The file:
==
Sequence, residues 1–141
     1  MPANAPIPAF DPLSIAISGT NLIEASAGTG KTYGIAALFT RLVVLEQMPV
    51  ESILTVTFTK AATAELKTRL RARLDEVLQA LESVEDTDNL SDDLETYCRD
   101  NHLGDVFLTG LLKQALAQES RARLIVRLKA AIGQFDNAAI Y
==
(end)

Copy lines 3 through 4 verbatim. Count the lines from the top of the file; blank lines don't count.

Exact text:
    51  ESILTVTFTK AATAELKTRL RARLDEVLQA LESVEDTDNL SDDLETYCRD
   101  NHLGDVFLTG LLKQALAQES RARLIVRLKA AIGQFDNAAI Y